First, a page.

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BS5007 Practical 2: Hardness and Friability tests of uncoated tablets

Tablets should be sufficiently hard to resist breaking during normal, handling, packaging, and shipping and must be soft enough to disintegrate properly after swallowing. So the resistance of tablets to capping, abrasion or breaking under conditions of storage, transportation, and handling before being taken by the consumers depends on its hardness. Hardness of the tablet is controlled by the degree of the pressure applied during the compression stage. Hardness also affects disintegration and subsequent dissolution. If the tablet is too hard, it may not disintegrate in the required period of time to meet the dissolution specifications; if it is too soft it may not be able to withstand the handling during subsequent processing such as coating, packaging and shipping operations. The principle of measurement involves subjecting the tablet to an increasing load until the tablet breaks or fractures. The load is applied along the radial axis of the tablet.

Hardness and Friability tests of uncoated tablets

Oral tablets normally have a hardness of 4 to 10 kg; however, hypodermic and chewable tablets are much softer (3 kg) and some sustained release tablets are much harder (10-20 kg).

Friability is the tendency of tablet to crumble. The friability test is designed to evaluate the ability of the tablet to withstand abrasion in packaging, handling and shipping. Another application of friability test is to detect incipient capping or laminate when stressed by abrasion inside the rotating cylinder present on the friability tester.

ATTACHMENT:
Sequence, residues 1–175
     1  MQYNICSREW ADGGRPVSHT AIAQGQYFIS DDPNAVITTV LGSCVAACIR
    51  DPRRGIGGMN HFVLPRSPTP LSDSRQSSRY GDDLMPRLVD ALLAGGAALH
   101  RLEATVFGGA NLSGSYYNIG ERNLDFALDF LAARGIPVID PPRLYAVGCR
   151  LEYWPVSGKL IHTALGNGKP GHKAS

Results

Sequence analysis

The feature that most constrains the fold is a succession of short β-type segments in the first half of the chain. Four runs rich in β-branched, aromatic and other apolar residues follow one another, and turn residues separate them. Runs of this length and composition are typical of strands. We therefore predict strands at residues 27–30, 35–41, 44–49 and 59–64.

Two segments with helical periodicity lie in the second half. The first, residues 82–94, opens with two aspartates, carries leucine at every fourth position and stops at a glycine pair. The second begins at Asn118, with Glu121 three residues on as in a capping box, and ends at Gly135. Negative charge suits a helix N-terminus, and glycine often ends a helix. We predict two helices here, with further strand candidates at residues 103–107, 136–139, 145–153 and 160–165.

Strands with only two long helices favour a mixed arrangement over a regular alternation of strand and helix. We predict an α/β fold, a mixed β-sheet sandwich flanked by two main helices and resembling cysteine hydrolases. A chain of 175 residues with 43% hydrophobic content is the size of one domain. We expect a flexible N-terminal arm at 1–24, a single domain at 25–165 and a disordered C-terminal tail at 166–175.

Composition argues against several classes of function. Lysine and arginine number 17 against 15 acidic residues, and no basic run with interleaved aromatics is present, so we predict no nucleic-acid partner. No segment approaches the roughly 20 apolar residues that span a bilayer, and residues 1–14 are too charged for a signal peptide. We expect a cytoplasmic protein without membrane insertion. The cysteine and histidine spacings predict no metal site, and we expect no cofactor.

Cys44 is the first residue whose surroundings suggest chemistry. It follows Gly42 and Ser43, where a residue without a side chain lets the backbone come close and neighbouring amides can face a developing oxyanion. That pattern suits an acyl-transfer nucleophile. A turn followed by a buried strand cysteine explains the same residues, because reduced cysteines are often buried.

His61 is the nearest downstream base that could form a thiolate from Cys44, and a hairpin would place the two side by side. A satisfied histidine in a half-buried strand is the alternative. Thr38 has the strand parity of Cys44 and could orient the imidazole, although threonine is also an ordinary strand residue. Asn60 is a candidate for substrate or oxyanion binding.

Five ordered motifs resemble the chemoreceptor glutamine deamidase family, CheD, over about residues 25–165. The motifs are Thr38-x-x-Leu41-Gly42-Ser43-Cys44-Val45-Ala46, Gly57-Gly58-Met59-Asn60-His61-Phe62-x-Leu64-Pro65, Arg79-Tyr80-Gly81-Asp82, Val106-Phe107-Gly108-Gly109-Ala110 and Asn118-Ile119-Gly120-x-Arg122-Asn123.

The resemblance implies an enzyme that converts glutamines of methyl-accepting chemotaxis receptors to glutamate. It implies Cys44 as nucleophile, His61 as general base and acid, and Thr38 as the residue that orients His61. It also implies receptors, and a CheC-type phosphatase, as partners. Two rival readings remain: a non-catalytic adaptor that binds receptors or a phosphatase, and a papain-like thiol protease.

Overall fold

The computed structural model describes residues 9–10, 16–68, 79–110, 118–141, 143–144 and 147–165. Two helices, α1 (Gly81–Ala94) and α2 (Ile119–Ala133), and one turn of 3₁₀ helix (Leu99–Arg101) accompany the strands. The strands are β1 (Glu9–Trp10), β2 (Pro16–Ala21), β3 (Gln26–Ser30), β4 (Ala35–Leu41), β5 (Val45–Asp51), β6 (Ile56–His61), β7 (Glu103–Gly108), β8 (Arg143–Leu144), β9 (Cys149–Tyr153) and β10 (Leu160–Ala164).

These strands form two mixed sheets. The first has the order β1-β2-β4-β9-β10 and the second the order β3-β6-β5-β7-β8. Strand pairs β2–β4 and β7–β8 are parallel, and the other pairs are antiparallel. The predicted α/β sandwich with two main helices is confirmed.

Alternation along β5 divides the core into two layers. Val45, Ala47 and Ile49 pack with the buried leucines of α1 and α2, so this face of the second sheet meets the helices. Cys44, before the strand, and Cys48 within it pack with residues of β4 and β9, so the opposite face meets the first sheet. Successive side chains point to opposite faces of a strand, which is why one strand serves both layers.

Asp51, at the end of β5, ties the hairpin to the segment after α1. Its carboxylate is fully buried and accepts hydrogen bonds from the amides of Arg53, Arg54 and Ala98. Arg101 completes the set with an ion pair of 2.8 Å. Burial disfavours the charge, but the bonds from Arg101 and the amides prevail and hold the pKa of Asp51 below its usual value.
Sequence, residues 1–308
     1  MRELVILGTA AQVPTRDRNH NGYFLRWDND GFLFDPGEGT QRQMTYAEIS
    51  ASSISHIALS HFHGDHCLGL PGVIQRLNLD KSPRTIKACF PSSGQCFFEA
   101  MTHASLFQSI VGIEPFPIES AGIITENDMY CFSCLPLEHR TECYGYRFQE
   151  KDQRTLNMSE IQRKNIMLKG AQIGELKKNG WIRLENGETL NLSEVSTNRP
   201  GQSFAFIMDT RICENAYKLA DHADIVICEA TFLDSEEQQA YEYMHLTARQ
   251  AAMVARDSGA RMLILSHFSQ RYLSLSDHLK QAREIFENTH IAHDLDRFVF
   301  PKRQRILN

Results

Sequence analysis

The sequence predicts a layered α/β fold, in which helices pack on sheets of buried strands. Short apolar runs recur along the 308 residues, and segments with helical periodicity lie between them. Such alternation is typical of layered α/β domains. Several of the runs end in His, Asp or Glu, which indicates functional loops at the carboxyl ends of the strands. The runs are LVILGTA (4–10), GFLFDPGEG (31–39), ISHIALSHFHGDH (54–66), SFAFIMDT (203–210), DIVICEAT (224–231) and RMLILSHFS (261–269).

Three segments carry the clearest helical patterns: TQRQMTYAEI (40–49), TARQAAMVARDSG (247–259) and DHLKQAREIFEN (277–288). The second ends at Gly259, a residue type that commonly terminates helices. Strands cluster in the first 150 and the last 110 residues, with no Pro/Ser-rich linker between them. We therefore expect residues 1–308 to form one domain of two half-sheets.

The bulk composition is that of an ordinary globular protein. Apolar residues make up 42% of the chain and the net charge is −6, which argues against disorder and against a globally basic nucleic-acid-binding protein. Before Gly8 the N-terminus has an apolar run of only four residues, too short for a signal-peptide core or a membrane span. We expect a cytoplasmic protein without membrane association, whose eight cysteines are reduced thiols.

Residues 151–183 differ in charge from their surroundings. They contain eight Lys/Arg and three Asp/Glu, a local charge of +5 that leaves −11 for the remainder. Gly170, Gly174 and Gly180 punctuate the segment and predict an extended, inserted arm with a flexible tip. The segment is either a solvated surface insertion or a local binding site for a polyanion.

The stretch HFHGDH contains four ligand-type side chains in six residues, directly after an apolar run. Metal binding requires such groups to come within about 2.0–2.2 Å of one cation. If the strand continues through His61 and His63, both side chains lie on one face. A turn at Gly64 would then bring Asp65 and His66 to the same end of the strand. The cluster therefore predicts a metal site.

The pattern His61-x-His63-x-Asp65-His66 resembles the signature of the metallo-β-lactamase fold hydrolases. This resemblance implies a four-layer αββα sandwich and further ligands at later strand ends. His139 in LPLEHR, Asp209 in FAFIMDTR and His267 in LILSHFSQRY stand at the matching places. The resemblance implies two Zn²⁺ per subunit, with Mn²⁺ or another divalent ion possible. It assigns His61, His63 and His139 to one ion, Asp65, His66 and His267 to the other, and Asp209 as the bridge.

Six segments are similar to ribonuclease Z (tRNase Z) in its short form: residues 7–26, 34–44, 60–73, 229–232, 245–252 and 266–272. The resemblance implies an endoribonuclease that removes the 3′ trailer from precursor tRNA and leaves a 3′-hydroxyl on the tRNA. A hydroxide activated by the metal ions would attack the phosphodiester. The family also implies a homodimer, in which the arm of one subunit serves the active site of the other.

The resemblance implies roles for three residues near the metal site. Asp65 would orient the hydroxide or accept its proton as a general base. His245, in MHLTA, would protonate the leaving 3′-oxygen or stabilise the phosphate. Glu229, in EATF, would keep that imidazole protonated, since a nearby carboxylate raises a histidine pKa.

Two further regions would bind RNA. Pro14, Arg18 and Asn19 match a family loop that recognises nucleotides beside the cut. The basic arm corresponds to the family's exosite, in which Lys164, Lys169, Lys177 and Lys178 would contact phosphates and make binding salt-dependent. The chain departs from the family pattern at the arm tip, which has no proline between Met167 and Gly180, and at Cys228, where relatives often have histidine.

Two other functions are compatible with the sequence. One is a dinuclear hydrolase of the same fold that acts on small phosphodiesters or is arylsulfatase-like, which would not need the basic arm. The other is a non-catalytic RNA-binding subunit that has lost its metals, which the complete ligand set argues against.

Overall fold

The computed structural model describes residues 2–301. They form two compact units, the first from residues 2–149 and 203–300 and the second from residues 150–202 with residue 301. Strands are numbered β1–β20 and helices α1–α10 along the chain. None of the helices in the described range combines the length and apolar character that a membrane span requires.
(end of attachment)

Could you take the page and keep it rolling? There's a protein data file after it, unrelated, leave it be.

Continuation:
The accepted limit of weight loss after this experiment should not be more than 2%.

Instrumentation: Balance, Hardness tester, friability tester.

Procedure:

Hardness test:

  1. To start, simply press <Zero> to zero the load cell.
  2. Place a tablet along its radial axis onto the platform between the test jaw and the load cell plunger.
  3. Using the multi-turn, low-friction hand-wheel, apply load gently to the tablet until it fractures.
  4. The resulting breaking force is displayed on the LCD display in either newtons (N), grams (g), pounds (lbs) or ounces (oz).
  5. To test another tablet, simply press <Zero> to zero the load cell and proceed as above.
  6. Repeat the test for another five tablets.
  7. Calculate the average hardness of paracetamol tablets in kg and neutons.

Friability:

  1. Weight out a total of 10 tablets (if the individual weight of tablet is ≤600 mg) using a balance. This is the initial weight.
  2. Place these ten tablets into the plastic chamber of Friabilator.
  3. Set the friabilator at 25 rpm and allow the chamber to rotate for 4 minutes.
  4. Weight out the above 10 tablets again using the same balance. This is the final weight.
  5. Calculate the percentage weight loss using following formula.

What Effects Stress has on Behavior Term Paper

Percent loss or Friability of tablets =

  1. Comment on your result.

Reflective questions:

  1. Average hardness of six uncoated tablets was recorded as 6.54 kg. Calculate the hardness in neutons and pounds.
  2. 10 tablets weighing initially 3.567 gm were placed into a friabilitor which was allowed to rotate at 20rpm for 5 minutes. If the final weight of these 10 tablets was found to be 3.559, calculate the percentage loss.

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